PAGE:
Within the immigration debate, libertarians have typically come down in favor of open borders by defending two main ideas: i) individuals have a right to free movement; and ii) immigration restrictions are economically inefficient, so that lifting them can make everyone better off. This entry describes the rationale for open borders from a libertarian perspective (in part by analogy to the debate around minimum wage laws). Three main objections within the immigration literature are then discussed: i) the view that states (...)
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  6. Immigration Enforcement and Fairness to Would-Be Immigrants.Hrishikesh Joshi - 2018 - In David Boonin (ed.), The Handbook of Philosophy and Public Policy. Palgrave Macmillan.
    This chapter argues that governments have a duty to take reasonably effective and humane steps to minimize the occurrence of unauthorized migration and stay. While the effects of unauthorized migration on a country’s citizens and institutions have been vigorously debated, the literature has largely ignored duties of fairness to would-be immigrants. It is argued here that failing to take reasonable steps to prevent unauthorized migration and stay is deeply unfair to would-be immigrants who are not in a position to bypass (...)
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  7.  12
    Knowing Our Limits.Hrishikesh Joshi - 2021 - Philosophical Quarterly 71 (2):438-440.
    Knowing Our Limits. By Ballantyne Nathan.
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  8. Why It's OK to Speak Your Mind.Hrishikesh Joshi - 2021 - New York, NY, USA: Routledge.
    Political protests, debates on college campuses, and social media tirades make it seem like everyone is speaking their minds today. Surveys, however, reveal that many people increasingly feel like they're walking on eggshells when communicating in public. Speaking your mind can risk relationships and professional opportunities. It can alienate friends and anger colleagues. Isn't it smarter to just put your head down and keep quiet about controversial topics? In this book, Hrishikesh Joshi offers a novel defense of speaking your mind. (...)
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  9.  26
    Welfare, Meaning, and Worth. [REVIEW]Hrishikesh Joshi - forthcoming - Journal of Moral Philosophy.
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  10. Why Not Socialism.Hrishikesh Joshi - 2019 - Public Affairs Quarterly 33 (3).
    According to G.A. Cohen, the principles of justice are insensitive to facts about human moral limitations. This assumption allows him to mount a powerful defense of socialism. Here, I present a dilemma for Cohen. On the one hand, if such socialism is to be realized through collective property ownership, then the information problem renders the ideal incoherent, not merely infeasible. On the other hand, if socialism is to incorporate private ownership of productive assets, then Cohen loses the resources to distinguish (...)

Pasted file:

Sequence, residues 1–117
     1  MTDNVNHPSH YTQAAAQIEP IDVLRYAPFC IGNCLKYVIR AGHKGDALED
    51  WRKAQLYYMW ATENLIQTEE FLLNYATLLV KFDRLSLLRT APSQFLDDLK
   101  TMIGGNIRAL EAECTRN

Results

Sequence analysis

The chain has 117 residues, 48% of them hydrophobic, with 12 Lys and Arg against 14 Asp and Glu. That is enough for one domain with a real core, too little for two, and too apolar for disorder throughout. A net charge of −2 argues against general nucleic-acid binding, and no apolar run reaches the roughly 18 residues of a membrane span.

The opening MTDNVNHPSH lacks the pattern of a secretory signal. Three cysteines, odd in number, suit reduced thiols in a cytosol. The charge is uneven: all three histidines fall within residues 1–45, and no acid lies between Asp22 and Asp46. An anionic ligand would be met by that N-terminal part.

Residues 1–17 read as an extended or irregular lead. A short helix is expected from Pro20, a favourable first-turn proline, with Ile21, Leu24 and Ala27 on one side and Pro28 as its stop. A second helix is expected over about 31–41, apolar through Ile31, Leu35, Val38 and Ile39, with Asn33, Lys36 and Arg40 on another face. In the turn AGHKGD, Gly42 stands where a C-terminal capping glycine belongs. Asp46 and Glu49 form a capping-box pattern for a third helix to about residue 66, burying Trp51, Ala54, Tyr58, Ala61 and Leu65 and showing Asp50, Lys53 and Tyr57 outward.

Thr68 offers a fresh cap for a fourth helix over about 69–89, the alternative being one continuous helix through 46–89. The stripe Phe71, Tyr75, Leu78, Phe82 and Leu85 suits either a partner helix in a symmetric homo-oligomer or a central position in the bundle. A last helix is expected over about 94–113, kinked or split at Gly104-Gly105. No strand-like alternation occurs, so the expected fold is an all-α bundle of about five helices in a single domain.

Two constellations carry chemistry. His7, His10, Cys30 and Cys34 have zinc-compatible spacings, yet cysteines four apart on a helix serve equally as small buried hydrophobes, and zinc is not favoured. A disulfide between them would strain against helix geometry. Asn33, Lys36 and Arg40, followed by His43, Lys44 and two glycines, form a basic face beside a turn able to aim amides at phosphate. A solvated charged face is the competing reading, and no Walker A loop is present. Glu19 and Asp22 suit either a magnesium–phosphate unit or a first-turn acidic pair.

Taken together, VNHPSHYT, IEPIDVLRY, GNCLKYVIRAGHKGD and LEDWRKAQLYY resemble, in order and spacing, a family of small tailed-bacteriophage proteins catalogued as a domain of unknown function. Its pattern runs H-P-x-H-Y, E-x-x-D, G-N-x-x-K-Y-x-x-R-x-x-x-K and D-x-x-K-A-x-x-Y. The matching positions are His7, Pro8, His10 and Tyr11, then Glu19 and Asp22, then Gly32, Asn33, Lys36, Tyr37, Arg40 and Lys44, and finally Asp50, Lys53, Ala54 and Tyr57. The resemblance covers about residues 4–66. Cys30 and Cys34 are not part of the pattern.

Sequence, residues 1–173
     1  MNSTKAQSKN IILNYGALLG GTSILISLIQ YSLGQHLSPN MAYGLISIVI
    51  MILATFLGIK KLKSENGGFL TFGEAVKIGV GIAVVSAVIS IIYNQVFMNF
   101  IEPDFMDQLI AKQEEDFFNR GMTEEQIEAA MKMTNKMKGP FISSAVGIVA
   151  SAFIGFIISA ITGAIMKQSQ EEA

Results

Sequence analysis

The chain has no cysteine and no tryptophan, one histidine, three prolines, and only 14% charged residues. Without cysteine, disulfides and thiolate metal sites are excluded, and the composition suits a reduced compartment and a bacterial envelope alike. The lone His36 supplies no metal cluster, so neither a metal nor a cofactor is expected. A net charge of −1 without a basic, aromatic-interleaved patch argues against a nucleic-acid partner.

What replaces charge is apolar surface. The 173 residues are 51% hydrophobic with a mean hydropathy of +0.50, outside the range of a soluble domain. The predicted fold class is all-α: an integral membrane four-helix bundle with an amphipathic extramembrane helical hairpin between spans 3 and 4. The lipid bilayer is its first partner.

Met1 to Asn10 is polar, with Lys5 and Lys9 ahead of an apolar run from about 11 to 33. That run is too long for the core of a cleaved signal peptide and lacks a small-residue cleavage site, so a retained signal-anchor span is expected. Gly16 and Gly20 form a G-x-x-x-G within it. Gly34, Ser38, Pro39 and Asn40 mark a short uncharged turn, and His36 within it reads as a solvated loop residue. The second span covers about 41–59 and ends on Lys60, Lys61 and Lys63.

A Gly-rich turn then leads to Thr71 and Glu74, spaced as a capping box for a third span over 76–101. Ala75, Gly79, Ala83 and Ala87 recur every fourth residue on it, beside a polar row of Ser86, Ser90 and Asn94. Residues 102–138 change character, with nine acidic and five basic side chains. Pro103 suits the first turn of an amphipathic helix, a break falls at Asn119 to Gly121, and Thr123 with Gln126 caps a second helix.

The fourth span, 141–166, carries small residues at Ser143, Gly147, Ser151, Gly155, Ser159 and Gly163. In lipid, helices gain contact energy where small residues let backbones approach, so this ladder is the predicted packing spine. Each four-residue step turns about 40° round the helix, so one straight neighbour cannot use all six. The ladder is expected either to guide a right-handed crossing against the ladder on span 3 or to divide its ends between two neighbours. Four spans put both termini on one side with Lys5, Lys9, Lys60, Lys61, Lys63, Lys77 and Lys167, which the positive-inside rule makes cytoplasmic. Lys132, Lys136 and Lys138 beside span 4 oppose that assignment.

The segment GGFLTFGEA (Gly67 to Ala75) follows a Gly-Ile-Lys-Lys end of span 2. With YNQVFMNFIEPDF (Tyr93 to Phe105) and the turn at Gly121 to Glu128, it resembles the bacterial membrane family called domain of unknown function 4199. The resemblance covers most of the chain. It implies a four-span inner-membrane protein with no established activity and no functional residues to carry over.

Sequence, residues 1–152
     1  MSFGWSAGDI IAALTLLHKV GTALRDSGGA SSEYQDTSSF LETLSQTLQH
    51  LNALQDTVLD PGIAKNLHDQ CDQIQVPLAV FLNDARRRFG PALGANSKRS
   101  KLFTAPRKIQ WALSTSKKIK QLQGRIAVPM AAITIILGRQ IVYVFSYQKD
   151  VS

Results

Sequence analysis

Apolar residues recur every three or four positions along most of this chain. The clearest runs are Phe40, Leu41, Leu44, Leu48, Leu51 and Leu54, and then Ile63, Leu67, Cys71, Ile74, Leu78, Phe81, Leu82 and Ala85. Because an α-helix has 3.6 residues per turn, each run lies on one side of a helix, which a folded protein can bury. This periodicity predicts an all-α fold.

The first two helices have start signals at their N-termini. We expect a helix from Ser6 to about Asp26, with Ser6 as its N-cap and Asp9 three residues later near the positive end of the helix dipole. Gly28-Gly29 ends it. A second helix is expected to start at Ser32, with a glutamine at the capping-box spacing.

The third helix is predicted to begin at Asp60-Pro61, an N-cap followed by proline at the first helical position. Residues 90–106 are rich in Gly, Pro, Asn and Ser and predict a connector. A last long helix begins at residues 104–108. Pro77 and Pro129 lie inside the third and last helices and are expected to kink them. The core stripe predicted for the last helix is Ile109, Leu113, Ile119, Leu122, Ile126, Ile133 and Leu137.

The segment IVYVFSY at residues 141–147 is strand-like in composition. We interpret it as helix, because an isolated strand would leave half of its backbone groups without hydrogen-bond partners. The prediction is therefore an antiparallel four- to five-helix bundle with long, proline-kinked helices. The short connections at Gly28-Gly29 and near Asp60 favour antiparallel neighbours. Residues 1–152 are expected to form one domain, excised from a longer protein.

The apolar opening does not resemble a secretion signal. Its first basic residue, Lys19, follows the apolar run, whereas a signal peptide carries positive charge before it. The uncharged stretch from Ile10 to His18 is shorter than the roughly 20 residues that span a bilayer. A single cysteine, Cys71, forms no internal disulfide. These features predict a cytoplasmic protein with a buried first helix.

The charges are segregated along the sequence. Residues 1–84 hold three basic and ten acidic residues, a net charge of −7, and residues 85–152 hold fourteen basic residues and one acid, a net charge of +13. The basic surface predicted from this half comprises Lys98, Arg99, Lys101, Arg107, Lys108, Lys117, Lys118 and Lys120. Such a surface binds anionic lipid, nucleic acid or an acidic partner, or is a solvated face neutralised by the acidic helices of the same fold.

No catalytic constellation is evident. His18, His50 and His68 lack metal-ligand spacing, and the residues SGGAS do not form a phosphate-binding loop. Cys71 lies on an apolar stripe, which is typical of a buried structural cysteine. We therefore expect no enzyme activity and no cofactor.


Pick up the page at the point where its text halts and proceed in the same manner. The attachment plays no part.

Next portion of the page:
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  11. What’s Personhood Got to Do with It?Hrishikesh Joshi - 2020 - Philosophia 48 (2):557-571.
    Consider a binary afterlife, wherein some people go to Heaven, others to Hell, and nobody goes to both. Would such a system be just? Theodore Sider argues: no. For, any possible criterion of determining where people go will involve treating very similar individuals very differently. Here, I argue that this point has deep and underappreciated implications for moral philosophy. The argument proceeds by analogy: many ethical theories make a sharp and practically significant distinction between persons and non-persons. Yet, just like (...)
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  12.  41
    What’s the Matter with Huck Finn?Hrishikesh Joshi - 2017 - Philosophical Explorations 20 (1):70-87.
    This paper explores some key commitments of the idea that it can be rational to do what you believe you ought not to do. I suggest that there is a prima facie tension between this idea and certain plausible coherence constraints on rational agency. I propose a way to resolve this tension. While akratic agents are always irrational, they are not always practically irrational, as many authors assume. Rather, “inverse” akratics like Huck Finn fail in a distinctively theoretical way. What (...)